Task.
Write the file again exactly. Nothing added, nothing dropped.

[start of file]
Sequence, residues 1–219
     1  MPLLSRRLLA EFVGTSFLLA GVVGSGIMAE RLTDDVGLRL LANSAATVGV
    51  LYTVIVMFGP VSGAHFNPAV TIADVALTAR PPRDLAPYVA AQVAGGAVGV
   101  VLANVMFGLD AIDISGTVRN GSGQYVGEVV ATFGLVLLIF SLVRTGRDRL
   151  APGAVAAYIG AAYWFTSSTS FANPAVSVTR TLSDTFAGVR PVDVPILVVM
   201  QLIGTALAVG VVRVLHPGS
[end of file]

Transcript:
Sequence, residues 1–219
     1  MPLLSRRLLA EFVGTSFLLA GVVGSGIMAE RLTDDVGLRL LANSAATVGV
    51  LYTVIVMFGP VSGAHFNPAV TIADVALTAR PPRDLAPYVA AQVAGGAVGV
   101  VLANVMFGLD AIDISGTVRN GSGQYVGEVV ATFGLVLLIF SLVRTGRDRL
   151  APGAVAAYIG AAYWFTSSTS FANPAVSVTR TLSDTFAGVR PVDVPILVVM
   201  QLIGTALAVG VVRVLHPGS